The Nabataeans actively participated and interacted with other nations. Freedom, individuality, and “creativity” (Innis) were valued aspects of their lives; their “sense of ourselves” ( Logan) was profound. Although a small nation, the Nabataeans were very proud people who relished their independence. When their trade monopoly began to decline, it did not drive them to despair, but prompted them to conquer new frontiers. They penetrated deeper into their ever secure haven, the desert, erecting glorious monuments in Petra and Mada’in Salih (in Saudi Arabia). Their best qualities were genuineness and flexibility: they knew their strengths and limitations and were a very pragmatic people. To Glueck, theirs was “a success story ... one of the most fascinating ... of any age” (1965, p. 11). As a people, they were to rise in the span of less than three centuries from a nomadic lifestyle to agricultural, commercial, and artistic prominence. Hammond finds sufficient evidence in the communal Nabataean character to suggest that Rome’s annexation of Nabataea in a.d. 106 did not annihilate this society; rather,   Economic development heir influence   continued to be felt throughout subsequent eras in many ways” (1973, p. 38), foremost among which was their communication legacy.


Communication and Independence:

         Communication scholars, beginning with Innis, have long attempted to examine the relationship between communication and the rise and fall of organizations/empires. Innis (1972) describes the impact of the invention of writing on the states/empires of the ancient world as follows:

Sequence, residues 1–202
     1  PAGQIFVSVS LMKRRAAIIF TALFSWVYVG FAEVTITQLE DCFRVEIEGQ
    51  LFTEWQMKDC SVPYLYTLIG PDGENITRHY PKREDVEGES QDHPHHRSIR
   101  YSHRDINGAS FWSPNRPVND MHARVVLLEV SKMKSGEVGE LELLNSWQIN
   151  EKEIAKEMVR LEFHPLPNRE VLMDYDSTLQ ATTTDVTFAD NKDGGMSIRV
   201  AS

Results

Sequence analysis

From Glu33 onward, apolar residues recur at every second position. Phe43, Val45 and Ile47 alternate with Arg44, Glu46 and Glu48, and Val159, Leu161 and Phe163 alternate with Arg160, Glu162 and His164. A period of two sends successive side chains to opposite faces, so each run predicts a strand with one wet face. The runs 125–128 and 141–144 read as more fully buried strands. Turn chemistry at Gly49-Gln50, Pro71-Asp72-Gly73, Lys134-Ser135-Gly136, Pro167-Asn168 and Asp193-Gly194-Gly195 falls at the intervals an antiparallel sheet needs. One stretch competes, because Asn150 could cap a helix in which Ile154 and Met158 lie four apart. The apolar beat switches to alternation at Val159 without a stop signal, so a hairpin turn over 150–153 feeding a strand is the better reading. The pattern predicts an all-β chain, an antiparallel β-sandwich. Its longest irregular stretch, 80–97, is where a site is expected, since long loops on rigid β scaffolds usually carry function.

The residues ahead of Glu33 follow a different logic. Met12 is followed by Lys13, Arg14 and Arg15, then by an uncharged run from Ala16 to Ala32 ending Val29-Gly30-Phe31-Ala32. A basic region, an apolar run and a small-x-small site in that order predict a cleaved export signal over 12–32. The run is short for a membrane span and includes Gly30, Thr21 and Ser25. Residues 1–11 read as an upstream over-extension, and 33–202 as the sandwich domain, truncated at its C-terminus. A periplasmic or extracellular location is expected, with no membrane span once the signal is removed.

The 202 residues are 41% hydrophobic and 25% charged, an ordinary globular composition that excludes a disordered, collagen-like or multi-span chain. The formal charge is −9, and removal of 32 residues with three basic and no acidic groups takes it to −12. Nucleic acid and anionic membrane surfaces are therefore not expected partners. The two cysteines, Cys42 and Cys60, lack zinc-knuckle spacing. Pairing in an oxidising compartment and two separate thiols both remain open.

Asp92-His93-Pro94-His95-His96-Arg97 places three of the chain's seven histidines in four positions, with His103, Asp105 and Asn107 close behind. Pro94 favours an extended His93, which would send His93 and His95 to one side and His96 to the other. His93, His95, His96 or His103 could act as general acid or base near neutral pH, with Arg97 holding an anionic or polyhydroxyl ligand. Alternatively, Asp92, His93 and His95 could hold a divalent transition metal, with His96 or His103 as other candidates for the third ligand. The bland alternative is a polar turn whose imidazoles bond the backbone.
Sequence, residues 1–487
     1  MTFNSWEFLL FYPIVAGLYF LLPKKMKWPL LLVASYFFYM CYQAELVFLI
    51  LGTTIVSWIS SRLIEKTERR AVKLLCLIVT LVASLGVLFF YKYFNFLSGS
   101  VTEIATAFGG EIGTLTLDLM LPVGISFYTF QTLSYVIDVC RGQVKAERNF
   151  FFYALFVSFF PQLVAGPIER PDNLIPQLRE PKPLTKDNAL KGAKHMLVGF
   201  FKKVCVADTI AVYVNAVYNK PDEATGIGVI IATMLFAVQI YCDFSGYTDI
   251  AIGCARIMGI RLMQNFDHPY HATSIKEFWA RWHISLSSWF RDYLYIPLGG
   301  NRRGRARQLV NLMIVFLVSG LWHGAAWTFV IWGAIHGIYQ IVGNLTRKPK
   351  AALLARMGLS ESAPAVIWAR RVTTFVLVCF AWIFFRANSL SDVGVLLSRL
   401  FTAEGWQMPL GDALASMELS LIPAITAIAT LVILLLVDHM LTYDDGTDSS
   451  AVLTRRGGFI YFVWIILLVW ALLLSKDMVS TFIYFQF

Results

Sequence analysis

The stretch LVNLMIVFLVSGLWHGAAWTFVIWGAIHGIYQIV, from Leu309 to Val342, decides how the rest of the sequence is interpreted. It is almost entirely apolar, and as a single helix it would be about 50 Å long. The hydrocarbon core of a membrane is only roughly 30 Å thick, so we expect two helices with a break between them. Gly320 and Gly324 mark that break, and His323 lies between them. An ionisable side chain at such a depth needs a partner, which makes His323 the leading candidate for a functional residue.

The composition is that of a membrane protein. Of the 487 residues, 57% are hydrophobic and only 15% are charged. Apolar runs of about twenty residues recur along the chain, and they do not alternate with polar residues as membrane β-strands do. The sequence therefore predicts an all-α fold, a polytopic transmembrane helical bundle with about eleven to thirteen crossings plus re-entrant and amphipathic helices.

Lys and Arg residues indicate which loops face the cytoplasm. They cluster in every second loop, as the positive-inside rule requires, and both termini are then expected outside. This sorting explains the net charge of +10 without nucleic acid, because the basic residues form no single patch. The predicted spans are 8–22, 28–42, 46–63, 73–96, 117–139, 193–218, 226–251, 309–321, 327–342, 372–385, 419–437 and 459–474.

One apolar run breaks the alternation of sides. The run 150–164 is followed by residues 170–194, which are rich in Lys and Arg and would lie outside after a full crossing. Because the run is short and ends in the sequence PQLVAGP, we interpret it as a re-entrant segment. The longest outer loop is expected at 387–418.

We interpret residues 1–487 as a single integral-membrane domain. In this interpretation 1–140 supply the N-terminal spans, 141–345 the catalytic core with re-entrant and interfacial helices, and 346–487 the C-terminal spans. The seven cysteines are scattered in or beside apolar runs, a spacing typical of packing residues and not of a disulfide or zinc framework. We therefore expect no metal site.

Writing enormously enhanced capacity for abstract thinking.... Man’s activities and powers were roughly extended in proportion to the increased use, and perfection of, written records.... An extended social structure strengthened the position of an individual leader.... The sword and pen worked together... Power was increased by concentration in a few hands, specialization of function was enforced,.... The monarchies of Egypt and Persia, the Roman empire, and the city-states were essentially products of writing. (p. 10)


His statement applies very well to Nabataea. But when Innis says that “the spread of Aramaic hastened the growth of trading oligarchies under the shelter of the Assyrian imperial structure” (1973, p. 54), he is referring only to Phoenicia and the Aramaean city-states. Nabataea, on the other hand, distinguished itself from the Syrian city-states by remaining politically independent. In such states, the pen did not go with the sword. Free trade helped the Nabataeans maintain an independent state for several centuries to build a varied and profitable economic infrastructure. Although a small nation, Nabataea managed, by the use of the sword sometimes and diplomacy at others, to remain independent.